When it comes to applying for a mortgage, homebuyers tend to focus on how much they’ll be approved for, rather than what they can actually afford to spend on a home.
However, the maximum you can borrow through a mortgage only determines, on average, how much someone in a similar financial situation might be able to afford to pay towards their monthly mortgage payment.
Your unique financial situation might be very different than the average person's. For that reason, the amount you might be able to afford to borrow might be less than what you're approved for. For example, you might have significant additional expenses like childcare or you could have a more expensive lifestyle. Maybe you like to go on more vacations or you live in an area with a very high cost of living.
When you purchase a home for more than what you can realistically afford, you may find yourself in a difficult financial situation. So, how do you know just how much you can afford in a home? We’ll walk you through some of the things to consider before you apply for a mortgage.
One important thing to consider before deciding how much you can afford is how much you have available to put towards a down payment. This will not only impact how much you end up borrowing, but, depending on the size of your down payment, you may be required to pay for mortgage default insurance as well.
If you don't have at least 20% of the purchase price or appraised value (whichever is lower) to put towards a down payment, you will have to pay for mortgage default insurance. This could result in having to put down more than 20% of the purchase price if the property is appraised lower than the purchase price since you’ll have to put 20% of the appraised amount down plus the difference between the appraised amount and the purchase price.
Mortgage default insurance protects the lender in case you default under your mortgage. That can mean a lump sum fee or an addition to your mortgage to cover the mortgage default insurance premium. For that reason, it's important that you include this expense as part of your homebuying budget.
Figuring out how much you can afford to put towards your monthly mortgage payments isn’t always an easy decision. It involves sitting down, going through your finances and looking at what you've been spending over the last year – and anticipating how much you’ll spend once you become a homeowner.
Here are a few of the things you need to look at.
Doing a deep dive into your monthly expenses is critical to understanding how much money you have to put towards a mortgage payment. However, monthly expenses vary throughout the year so your best bet will be to review the amount of money you spent over the last year and average out that amount. After all, there are months when you might spend more — like in December during the holiday season or during months when you may have taken a vacation or renewed your auto insurance.
When reviewing your finances, be sure to include any fixed expenses like your phone bills, utilities, debt payments, car payments and childcare costs. Also, be sure to include variable expenses like gifts for others, travel and other luxuries that you would like to maintain. While you might decide that there are things that you're willing to do without in order to make a new home a reality, don't create a budget that will leave you unhappy over time.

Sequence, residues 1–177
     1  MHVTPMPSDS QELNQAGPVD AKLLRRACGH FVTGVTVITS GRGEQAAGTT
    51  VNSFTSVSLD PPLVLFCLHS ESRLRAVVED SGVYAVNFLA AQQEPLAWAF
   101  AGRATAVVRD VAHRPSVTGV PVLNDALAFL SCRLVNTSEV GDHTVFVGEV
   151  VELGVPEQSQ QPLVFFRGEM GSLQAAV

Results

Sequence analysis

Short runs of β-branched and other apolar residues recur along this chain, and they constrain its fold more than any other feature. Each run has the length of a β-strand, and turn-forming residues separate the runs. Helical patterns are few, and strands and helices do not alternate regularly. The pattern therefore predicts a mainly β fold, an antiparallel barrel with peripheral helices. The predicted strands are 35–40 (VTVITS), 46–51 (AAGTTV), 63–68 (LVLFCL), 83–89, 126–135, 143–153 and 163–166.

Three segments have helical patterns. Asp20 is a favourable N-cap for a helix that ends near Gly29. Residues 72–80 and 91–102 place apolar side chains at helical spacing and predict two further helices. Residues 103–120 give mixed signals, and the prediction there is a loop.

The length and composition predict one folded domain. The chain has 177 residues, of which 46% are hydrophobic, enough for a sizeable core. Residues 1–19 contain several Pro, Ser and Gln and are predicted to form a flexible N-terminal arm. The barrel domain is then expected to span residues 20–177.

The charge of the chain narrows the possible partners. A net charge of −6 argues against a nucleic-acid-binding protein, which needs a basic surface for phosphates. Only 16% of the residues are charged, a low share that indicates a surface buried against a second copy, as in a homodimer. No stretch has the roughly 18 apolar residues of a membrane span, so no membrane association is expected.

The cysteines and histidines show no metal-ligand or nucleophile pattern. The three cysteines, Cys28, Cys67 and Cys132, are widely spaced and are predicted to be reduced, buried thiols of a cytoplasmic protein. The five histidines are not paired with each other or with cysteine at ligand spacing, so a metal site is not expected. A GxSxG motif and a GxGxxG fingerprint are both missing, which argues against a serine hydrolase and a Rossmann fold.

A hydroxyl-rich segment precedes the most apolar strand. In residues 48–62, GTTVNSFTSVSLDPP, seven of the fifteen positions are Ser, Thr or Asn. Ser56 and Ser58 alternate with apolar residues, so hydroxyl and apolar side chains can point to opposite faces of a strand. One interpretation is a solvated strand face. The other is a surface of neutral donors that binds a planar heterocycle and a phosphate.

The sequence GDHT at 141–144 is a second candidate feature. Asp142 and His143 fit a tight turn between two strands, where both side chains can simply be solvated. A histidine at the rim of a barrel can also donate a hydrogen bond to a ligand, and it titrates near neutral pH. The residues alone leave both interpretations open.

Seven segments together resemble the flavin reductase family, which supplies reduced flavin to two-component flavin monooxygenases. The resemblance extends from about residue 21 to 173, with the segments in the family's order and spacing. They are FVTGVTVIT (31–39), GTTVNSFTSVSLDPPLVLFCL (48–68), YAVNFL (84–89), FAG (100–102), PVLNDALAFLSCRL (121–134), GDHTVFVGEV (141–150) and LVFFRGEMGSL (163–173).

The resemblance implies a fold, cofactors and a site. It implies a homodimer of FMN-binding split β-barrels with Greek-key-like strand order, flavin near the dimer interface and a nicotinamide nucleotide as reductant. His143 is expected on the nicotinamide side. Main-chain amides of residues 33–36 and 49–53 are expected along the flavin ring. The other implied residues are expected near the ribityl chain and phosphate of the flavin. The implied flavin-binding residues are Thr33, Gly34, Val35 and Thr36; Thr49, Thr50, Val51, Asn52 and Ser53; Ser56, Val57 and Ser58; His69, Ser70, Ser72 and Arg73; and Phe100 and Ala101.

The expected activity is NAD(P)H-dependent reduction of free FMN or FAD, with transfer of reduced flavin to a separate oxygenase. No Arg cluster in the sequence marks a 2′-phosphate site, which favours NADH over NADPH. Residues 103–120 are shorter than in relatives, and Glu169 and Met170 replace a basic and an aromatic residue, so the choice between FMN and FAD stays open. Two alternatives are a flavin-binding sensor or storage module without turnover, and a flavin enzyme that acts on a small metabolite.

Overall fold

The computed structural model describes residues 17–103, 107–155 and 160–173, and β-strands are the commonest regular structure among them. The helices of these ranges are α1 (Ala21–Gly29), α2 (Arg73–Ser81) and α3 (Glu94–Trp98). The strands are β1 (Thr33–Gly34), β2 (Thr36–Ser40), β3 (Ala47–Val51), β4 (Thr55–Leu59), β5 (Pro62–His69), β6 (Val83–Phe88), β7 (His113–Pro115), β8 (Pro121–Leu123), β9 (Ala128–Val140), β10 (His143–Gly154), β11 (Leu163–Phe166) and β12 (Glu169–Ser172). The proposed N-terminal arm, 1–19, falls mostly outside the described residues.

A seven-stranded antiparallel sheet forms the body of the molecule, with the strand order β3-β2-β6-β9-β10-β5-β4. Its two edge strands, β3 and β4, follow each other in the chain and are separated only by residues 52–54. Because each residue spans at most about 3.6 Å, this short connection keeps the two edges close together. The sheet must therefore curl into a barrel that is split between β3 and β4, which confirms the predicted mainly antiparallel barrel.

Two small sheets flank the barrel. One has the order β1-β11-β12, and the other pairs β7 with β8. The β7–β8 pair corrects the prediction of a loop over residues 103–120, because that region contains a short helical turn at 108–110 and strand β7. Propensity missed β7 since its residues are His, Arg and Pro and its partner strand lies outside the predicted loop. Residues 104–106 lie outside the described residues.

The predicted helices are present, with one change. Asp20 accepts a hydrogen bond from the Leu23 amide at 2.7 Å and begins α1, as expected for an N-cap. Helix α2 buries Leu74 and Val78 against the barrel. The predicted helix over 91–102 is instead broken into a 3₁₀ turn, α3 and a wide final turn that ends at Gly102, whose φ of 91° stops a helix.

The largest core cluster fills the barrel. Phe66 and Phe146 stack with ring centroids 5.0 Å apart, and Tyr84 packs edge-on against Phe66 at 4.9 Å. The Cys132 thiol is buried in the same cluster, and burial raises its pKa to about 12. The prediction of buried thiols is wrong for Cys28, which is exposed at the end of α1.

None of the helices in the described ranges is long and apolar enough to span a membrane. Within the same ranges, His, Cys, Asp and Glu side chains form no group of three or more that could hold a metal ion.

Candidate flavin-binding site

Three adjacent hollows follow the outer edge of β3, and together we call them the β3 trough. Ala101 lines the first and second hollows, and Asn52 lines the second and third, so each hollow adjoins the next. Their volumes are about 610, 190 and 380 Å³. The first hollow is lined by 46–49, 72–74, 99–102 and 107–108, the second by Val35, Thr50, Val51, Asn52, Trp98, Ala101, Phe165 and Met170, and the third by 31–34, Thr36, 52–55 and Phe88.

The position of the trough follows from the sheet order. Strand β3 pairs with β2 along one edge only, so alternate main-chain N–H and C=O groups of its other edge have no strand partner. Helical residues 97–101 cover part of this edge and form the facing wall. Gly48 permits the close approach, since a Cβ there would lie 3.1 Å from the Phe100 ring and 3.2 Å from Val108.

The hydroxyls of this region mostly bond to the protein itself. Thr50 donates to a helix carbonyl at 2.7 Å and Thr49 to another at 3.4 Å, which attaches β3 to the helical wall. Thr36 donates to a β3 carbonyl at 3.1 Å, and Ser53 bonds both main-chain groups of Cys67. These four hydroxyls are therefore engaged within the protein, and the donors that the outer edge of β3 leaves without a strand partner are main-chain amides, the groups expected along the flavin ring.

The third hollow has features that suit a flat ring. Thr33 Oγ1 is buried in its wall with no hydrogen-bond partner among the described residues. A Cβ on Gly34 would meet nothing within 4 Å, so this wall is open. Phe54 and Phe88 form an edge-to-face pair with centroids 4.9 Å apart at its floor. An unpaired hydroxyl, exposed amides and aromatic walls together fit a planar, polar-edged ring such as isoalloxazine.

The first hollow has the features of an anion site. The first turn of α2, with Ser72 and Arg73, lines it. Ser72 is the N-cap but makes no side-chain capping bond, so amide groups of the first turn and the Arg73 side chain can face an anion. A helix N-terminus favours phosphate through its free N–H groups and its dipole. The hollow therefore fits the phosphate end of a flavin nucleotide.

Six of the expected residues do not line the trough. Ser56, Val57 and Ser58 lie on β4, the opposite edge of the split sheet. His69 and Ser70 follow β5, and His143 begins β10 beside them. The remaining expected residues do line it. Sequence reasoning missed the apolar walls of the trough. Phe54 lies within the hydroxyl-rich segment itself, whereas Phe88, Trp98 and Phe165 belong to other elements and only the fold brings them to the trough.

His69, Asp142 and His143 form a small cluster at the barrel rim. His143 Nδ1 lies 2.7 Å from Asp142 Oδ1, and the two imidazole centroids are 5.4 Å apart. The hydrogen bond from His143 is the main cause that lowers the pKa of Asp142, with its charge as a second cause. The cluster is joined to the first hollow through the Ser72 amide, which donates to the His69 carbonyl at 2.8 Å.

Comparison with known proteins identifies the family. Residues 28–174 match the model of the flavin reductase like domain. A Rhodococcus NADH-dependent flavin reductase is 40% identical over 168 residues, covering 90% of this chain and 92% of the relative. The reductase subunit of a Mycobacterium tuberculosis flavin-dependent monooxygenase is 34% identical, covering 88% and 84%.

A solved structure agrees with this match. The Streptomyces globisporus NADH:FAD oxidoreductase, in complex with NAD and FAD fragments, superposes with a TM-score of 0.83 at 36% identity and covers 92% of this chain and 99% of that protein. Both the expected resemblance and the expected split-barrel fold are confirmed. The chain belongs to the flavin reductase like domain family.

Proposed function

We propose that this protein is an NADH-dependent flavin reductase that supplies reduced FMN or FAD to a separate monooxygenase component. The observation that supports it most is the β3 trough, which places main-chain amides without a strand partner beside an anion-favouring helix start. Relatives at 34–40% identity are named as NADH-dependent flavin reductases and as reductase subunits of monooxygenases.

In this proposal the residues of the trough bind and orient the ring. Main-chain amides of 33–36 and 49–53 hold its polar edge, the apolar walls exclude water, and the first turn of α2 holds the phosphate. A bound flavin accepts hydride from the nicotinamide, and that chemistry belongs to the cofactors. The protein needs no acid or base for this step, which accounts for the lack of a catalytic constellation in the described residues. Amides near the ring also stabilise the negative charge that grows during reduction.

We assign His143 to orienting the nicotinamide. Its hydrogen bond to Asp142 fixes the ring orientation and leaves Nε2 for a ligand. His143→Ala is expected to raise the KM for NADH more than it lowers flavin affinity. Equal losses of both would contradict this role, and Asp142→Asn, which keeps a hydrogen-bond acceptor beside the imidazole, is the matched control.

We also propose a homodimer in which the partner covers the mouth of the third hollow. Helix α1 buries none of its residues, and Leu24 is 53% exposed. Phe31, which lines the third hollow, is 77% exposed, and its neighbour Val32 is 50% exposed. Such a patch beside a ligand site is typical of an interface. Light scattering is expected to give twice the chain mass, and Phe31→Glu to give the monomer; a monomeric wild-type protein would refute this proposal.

For many people, determining gross monthly income is simple. If you work for an employer, your monthly income often remains stable. But, for others, variable income might be a reality because they may freelance, own their own business or rely on fluctuating commissions or bonuses. If you freelance, it’s important to consider your monthly cash flow because sometimes clients don't pay on a monthly basis or may take a longer time to pay invoices. If that's the case, you could end up with a mortgage payment due and no household income coming in that month to pay for it. This should definitely factor into how much you can afford in a mortgage loan.
Monthly debt payments
If you have debt, whether it be in the form of an auto loan, student loans, a personal loan, a line of credit, or credit card debt, your monthly debt payments impact how much you can borrow. This isn't just because paying for debt is a monthly expense that you should factor in, but also because how much debt you have directly affects how much you can qualify for when applying for a mortgage.
There are a couple debt service ratios that come into play when you are looking to get a mortgage – like the maximum gross debt service ratio, that is, how much of your gross income goes to your mortgage, and the maximum total debt service ratio, that is, how much of your income can go towards various forms of monthly debt repayment, including your mortgage.
The allowable debt service ratios for you to qualify for a mortgage will vary depending on different factors like if your mortgage is insured and your default insurance provider.
How much you can borrow will likely also be impacted by your credit score. A credit score is one important way lenders determine the risk of lending to any individual based on their credit history. Based in part on the person’s credit score, the lender will decide how much to lend to them and what rate of interest they qualify for. If you don't have a great credit score, you might not qualify to borrow as much as someone in similar financial circumstances who has a better credit score. Or, you might have to pay a higher mortgage rate than another borrower, which would have a substantial impact on your monthly payment and the overall affordability of your mortgage. For that reason, you might decide or might need to take out a smaller mortgage loan.